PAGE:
clock menu more-arrow no yes mobile
James Guillory-USA TODAY Sports

Wake Forest head coach Dave Clawson cites “lack of leadership” for “insane” state of conference realignment

Clawson called talks of Wake Forest being left behind “a lazy narrative”

WINSTON-SALEM, NC – Conference realignment, spurred on by the constantly changing and redeveloping nature of college football, has turned into an omnipresent part of the game. Texas and Oklahoma to the SEC, UCLA and USC to the Big Ten, then Oregon and Washington, Arizona State, Arizona, Utah and Colorado to the Big 12 — the list goes on and on.

Most recently, the ACC has stepped into the realignment ring, heavily discussing the potential additions of California and Stanford from the PAC-12, as well as picking up SMU from the American. This endeavor has been going on for weeks. It appeared to initially have some weight behind it, before later losing steam when the requisite number of supporting votes reportedly could not be reached.

But now, per reports from Yahoo Sports’ Ross Dellenger just hours ago, the hopes of bringing in three new conference members are alive once more, and a meeting between school presidents is expected to occur Monday evening “to discuss and potentially take action.”

Most, if not all, of these decisions are made on an administrative level, but in his opening pregame press conference of the 2023 season, Wake Forest football coach Dave Clawson proved that coaching staffs are not immune to the news cycles and rumor mills.

“I think it’s insane that eight schools on the west coast are in three different Power Five conferences that are located in the central [United States], the midwest and now the atlantic coast,” Clawson said when prompted about the reports regarding additions to the ACC. “That’s the way it is.”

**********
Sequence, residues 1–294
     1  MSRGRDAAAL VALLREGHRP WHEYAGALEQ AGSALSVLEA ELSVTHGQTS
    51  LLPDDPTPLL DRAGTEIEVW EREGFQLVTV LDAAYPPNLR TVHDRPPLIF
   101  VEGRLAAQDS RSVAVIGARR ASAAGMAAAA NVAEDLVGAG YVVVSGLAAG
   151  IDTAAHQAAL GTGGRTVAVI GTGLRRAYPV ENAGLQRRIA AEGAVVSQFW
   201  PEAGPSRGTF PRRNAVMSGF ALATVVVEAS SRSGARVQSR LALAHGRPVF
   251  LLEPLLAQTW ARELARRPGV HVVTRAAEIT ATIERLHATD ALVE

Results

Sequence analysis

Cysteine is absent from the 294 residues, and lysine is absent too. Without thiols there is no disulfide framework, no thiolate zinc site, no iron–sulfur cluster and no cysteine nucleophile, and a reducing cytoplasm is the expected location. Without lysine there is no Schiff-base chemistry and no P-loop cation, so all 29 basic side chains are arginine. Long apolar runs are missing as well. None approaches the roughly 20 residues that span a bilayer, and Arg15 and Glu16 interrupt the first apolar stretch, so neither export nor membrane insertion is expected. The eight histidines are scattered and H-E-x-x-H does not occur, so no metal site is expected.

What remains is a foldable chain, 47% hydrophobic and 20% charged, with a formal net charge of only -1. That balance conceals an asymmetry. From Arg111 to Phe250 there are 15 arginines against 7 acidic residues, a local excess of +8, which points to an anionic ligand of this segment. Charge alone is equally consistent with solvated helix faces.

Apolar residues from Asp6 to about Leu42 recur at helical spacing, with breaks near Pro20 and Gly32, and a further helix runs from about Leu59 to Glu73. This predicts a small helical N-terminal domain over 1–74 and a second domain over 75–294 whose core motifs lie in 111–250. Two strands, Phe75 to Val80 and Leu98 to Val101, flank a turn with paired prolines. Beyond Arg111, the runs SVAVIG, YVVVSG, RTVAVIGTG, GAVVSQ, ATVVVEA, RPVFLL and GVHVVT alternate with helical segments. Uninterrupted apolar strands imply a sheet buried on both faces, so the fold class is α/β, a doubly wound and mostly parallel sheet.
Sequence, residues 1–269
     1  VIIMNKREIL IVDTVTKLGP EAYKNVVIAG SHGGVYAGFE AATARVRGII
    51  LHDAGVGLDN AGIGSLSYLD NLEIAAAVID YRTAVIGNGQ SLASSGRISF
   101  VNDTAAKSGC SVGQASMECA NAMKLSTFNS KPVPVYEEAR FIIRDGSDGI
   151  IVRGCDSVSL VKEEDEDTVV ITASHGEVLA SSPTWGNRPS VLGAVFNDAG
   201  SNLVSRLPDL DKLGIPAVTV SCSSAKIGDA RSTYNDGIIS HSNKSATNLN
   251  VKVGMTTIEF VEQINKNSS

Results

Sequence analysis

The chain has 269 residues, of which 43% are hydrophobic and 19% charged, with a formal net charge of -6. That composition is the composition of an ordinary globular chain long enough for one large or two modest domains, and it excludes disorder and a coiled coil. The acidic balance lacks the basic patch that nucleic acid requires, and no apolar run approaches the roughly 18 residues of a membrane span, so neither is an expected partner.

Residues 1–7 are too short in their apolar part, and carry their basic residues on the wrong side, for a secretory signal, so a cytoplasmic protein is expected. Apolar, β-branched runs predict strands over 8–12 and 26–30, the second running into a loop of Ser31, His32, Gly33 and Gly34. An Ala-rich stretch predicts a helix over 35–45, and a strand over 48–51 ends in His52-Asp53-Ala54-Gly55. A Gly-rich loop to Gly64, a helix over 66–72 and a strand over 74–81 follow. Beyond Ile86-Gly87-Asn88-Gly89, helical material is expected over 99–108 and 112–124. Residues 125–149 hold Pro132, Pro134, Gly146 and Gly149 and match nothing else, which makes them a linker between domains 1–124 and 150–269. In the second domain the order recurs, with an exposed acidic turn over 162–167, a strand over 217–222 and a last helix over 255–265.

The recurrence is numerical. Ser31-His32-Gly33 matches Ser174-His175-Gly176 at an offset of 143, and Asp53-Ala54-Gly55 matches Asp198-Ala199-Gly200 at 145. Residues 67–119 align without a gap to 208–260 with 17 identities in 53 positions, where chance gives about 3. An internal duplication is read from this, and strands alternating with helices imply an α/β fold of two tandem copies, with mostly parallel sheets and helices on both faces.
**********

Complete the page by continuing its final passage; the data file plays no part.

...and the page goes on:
And there is, of course, reasons why things are the way they currently stand. Chief among them, a lack of leadership and direction in a time when college athletics needed, and still needs, it most.

“There’s no common sense in this at all,” Clawson said. “This is what happens when you don’t have leadership, and I don’t mean conference leadership. I’ve said for years, there needs to be a commissioner of college football that looks out for the best interest of the entire enterprise. We’re making moves that don’t make sense because we lack leadership.”

“It’s nobody’s fault,” Clawson continued. “Everybody is doing what their job is. The SEC commissioner is doing his job by adding Texas and Oklahoma, the Big Ten commissioner’s doing his job and the Big 12 [commissioner Brett Yormark] aggressively did things to save his league. Athletic directors are expected to raise money and find resources. So they’re doing their job.”

During the most recent conference realignment discussions, especially those involving the ACC being piecemealed by the supposed departures of Florida State, Clemson, North Carolina and others in the future, Wake Forest has consistently been referred to as a name that could be left behind.

“If you look at the wins, if you look at our television ratings, I think it’s just a lazy narrative that’s being put out there by other people,” Clawson responded. “That fits their narrative, it doesn’t mean it’s an accurate narrative.”

With the current state of the game a great cause of concern, Clawson acknowledged that the ACC is involved and working hard to remain competitive.

“I think our commissioner is being proactive and doing a great job to make sure that the ACC continues to be a powerful conference,” he said. “I think some things have come out today about what happens if we drop below 15 teams [revenue reductions per Action Network’s Brett McMurphy]. I think this is a proactive move to make sure that the ACC continues to exist. And I think whatever is good for the ACC is good for Wake Forest.”

“If it [Cal, Stanford and SMU joining] happens, I think it’s a good move,” Clawson added. “It’s a good move because it secures the ACC and I think ACC is a great league and a great conference with great rivalries and I’d hate to see those disappear.”

The cost of all these actions, which the ACC has been forced to join in on, could be massive. The sport itself, while raking in truckloads of cash, likely will suffer as a result.

“At what point these people are willing to give up control to do what’s best for all of college football,” Clawson asked. “I don’t see that happening. So this is what we’re dealing with.”